By Ellsworth Dickson
During the recent PDAC Convention in Toronto, Carolina Sanchez, Secretary of Mining Policy,
Ministry of Production and Labor, Argentina, spoke to Resource World about her country’s efforts to grow their mining industry.
RESOURCE WORLD: Vanadium has been attracting attention lately. Is Argentina is prospective for vanadium deposits?
CAROLINA SANCHEZ: Yes. There are orogenic deposits of vanadium at the northwest and in the central Andean region of Argentina.
RW: Sometimes vanadium deposits also contain uranium. Is that a problem or if it is a problem, can that problem be solved?
CS: There are deposits with and without uranium in Argentina. A company called Blue Sky
Uranium Corp. is currently advancing its Amarillo Grande vanadium-uranium property in Rio Negro province. This is a uranium deposit with vanadium credits – in this case of sedimentary origin. This project has a positive PEA with very good potential. Yes, the two metals can be separated. Blue Sky has other uranium projects in Argentina as well.
RW: Could you talk a little bit about lithium? Is Argentina a good place to explore for lithium?
CS: Yes. In the last three years, exploration budgets for lithium have increased by about 900%.
Most of the investments are for brine resources [salars] but there is also hard rock spodumene exploration as well.
RW: I know there are a few Canadian companies in Argentina. Are you trying to attract other countries to invest in mining projects in Argentina as well?
CS: Yes, we are seeing companies from different countries now arriving in Argentina. These include groups from France, Germany, Korea, China, Australia and Canada.
RW: For all those countries to be interested in Argentina, your government must be making efforts to attract them. Do you have some incentives for explorers to come from all over the world to your country?
CS: Yes, we have a Promotion of Mining Investment Law that establishes benefits at different stages. We also have a reimbursement of the VAT [Value Added Taxes] that is very important for a company at the exploration stage. Then we have tax benefits on tariffs for the import of capital goods and some raw materials for the mining sector and a double discount of expenditures in the exploration stage for income taxes. We know exploration companies consider this important.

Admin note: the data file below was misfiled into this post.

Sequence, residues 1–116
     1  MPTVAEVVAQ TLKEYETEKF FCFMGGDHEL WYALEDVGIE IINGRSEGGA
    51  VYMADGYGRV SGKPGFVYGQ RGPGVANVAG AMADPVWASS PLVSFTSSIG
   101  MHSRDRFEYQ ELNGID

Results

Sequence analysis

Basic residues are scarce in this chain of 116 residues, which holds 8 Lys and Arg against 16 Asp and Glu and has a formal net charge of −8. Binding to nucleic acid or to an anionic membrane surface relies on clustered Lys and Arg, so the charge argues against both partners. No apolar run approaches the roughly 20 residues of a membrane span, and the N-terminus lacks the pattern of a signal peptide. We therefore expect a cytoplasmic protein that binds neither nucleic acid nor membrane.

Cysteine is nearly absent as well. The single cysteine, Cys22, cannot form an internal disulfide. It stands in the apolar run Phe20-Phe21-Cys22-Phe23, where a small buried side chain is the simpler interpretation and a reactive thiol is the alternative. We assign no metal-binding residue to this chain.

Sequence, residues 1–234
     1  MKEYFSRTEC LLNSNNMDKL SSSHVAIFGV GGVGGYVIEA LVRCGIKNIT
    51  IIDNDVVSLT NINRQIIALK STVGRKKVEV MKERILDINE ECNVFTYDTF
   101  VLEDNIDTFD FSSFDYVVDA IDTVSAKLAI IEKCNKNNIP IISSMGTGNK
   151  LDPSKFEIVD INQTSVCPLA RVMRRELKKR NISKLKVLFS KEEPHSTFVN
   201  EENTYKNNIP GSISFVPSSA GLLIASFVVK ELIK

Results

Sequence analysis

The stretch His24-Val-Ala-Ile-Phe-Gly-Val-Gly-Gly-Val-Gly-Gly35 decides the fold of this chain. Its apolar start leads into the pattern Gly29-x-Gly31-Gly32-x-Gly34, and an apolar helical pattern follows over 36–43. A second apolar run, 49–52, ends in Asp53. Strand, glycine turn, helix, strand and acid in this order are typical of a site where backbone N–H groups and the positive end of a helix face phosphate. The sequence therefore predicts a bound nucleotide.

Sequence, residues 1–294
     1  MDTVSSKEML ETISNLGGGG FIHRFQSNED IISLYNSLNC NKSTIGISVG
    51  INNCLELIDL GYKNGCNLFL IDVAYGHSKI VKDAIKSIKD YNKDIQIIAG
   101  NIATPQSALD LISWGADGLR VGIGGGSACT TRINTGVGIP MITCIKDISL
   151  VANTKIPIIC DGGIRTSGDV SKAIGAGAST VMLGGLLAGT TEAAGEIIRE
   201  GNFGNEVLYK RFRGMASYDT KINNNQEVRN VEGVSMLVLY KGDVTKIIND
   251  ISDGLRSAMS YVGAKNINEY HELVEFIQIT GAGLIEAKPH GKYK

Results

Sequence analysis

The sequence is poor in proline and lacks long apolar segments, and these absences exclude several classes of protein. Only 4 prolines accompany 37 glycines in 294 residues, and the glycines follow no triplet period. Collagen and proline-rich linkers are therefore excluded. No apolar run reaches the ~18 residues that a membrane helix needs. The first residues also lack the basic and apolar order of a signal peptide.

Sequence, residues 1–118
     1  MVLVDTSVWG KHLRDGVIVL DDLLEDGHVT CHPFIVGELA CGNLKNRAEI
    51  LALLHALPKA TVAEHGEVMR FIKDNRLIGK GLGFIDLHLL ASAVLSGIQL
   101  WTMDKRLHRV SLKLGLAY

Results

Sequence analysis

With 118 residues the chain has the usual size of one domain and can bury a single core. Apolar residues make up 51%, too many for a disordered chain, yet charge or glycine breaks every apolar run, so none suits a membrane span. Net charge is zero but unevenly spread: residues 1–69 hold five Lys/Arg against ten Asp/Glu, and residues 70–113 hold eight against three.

RW: Does Argentina have services for mineral explorers like diamond drilling companies?
CS: We have many small and medium suppliers of goods and services for mining sector, who can form joint ventures with other mature suppliers. There is machinery already in Argentina that could easily provide these services to mining companies.
Also, we have a great deal of experience in the oil and gas industry. The supply chain of the oil industry, which is very large in Argentina, could easily transform itself into being a supplier to the mining industry.
RW: In countries like Canada and the United States, their governments have a great deal of geological information available. Does your government have websites with lots of geological information that can help explorers?
CS: Yes. Much Argentina geological information has been digitalized and has been put online to be available for free. Anyone can access the information. Information on geological projects, mining and, in addition, all the filings that need to be done, all the procedures, permitting – they are all being digitalized and put online. For the time being, it is in Spanish.
RW: Eventually, will be in English?
CS: Yes. The geological maps are interactive so you can easily understand what you’re looking at that needs less translation. The rest – mining project information, stage of permits, etc – is in the process of being translated. (http://cima.minem.gob.ar/)
We are here at the PDAC Convention to show the potential we have in Argentina – that it is a good country trying to promote good investments. We want to help investors to develop their projects. As a country, and with our provinces, we are improving the competitiveness for mining development, improving our infrastructure and working conditions, and lowering energy costs.